A Guide To The Gallbladder: Everything You Need To Know

If you suffer from persistent symptoms of gallstones or you have a disease affecting your gallbladder, you may decide to opt for a private gallbladder removal operation. With the length of waiting lists heading in the wrong direction on the NHS, going down the private route may well prove to be your preferred option – especially if you are suffering constant discomfort.

The function of the gallbladder

Your gallbladder is a small organ, shaped like a pouch, that is situated in the upper right section of your abdomen. It stores your body’s bile, a fluid that is manufactured by your liver to help you digest fatty foods. As your gallbladder is a non-essential organ, surgical removal is an acceptable option if necessitated.

Two types of surgery

Instead of having your abdomen cut open in what is called an open cholecystectomy procedure, a laparoscopic procedure utilising keyhole technology may be more appropriate. It is less invasive, and therefore the recovery time is faster.

Obviously, keyhole surgery is preferred where possible; however, it may not be an option. Your gallbladder isn’t one of the body’s most efficient organs. In some instances, stored bile can become quite thick, and it can create blockages along its path of travel.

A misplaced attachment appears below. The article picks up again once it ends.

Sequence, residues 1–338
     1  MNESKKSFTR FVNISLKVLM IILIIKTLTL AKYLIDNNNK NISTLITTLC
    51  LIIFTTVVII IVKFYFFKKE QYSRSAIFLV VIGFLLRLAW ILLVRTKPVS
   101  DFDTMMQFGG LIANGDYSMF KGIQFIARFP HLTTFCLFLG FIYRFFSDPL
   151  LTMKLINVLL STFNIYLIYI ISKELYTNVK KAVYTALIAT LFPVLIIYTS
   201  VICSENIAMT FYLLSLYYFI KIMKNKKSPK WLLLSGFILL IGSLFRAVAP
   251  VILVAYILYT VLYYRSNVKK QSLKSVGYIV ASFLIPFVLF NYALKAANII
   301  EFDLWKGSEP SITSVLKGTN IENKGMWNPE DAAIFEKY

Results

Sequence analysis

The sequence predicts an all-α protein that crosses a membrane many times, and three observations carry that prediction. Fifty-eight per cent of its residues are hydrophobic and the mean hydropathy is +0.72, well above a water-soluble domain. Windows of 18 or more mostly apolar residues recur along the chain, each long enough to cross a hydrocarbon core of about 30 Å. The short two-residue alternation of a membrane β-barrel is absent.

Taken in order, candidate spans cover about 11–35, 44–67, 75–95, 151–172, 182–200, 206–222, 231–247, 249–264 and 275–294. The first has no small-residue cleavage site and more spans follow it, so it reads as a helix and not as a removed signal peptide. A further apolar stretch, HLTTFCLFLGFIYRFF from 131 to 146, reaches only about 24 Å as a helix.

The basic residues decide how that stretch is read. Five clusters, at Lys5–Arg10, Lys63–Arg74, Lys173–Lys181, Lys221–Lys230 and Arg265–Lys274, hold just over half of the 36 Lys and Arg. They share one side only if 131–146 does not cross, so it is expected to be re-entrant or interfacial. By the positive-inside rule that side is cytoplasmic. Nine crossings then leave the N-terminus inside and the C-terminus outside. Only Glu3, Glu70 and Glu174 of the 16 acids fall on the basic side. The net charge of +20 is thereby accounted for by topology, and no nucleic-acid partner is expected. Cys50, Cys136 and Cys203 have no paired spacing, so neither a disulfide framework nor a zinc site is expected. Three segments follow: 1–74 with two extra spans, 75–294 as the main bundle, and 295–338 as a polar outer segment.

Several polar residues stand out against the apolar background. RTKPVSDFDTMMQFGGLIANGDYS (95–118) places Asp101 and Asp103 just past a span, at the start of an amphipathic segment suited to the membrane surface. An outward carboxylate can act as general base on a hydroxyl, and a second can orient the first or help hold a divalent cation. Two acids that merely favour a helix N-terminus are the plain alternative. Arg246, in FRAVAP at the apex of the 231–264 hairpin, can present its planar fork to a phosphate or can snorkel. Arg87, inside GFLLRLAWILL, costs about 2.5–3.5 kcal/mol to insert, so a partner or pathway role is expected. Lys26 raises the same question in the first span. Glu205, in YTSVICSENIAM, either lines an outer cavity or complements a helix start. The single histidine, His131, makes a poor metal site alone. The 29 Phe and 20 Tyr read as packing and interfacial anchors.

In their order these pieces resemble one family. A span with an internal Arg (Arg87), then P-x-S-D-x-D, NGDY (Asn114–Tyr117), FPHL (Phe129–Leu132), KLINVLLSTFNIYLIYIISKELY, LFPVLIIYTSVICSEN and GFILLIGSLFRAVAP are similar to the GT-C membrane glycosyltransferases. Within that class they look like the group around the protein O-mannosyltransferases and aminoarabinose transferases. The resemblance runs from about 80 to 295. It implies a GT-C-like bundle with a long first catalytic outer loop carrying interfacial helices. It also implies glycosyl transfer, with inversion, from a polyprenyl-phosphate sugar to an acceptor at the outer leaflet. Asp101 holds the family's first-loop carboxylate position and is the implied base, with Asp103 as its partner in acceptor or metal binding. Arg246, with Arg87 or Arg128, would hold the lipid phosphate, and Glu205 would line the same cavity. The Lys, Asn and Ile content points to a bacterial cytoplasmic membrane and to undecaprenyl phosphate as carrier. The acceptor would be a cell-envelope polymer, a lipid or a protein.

Another problem is that some people are prone to developing gall stones, which can cause extreme pain when they get stuck either inside the gallbladder or in the ducts down which they travel. While some stones are no larger than a grain of sand, others can grow as big as a golf ball. They can create chronic inflammation of the gallbladder leading to other infections, which can result in:

• Abdominal bloating
• Feelings of nausea
• Actual vomiting
• Pain, sometimes severe

Other considerations that could necessitate private gallbladder removal include:

• Biliary Dyskinesia: This results when the gallbladder doesn’t empty properly.
• Choledocholithiasis: A condition whereby gallstones have transferred into bile duct where they can become stuck, creating a blockage and preventing the further evacuation of bile.
• Cholecystitis: Inflammatory gallbladder
• Pancreatitis: Inflammation of the pancreas.

You can still digest your food without a gallbladder:

You will still be able to digest your food normally having had your gallbladder removed. It is, after all, only a storage device, used to store excess bile which is released when you eat fatty foods. Without a gallbladder, bile will continue to be manufactured by your liver and will reach your small intestine. The only difference is that it won’t get stored along the way.

Act now if you are in pain

If you are suffering from any of the symptoms mentioned above, private gallbladder removal could be the right option for you. The longer you leave it before taking action, the worse the symptoms could become, so please act now.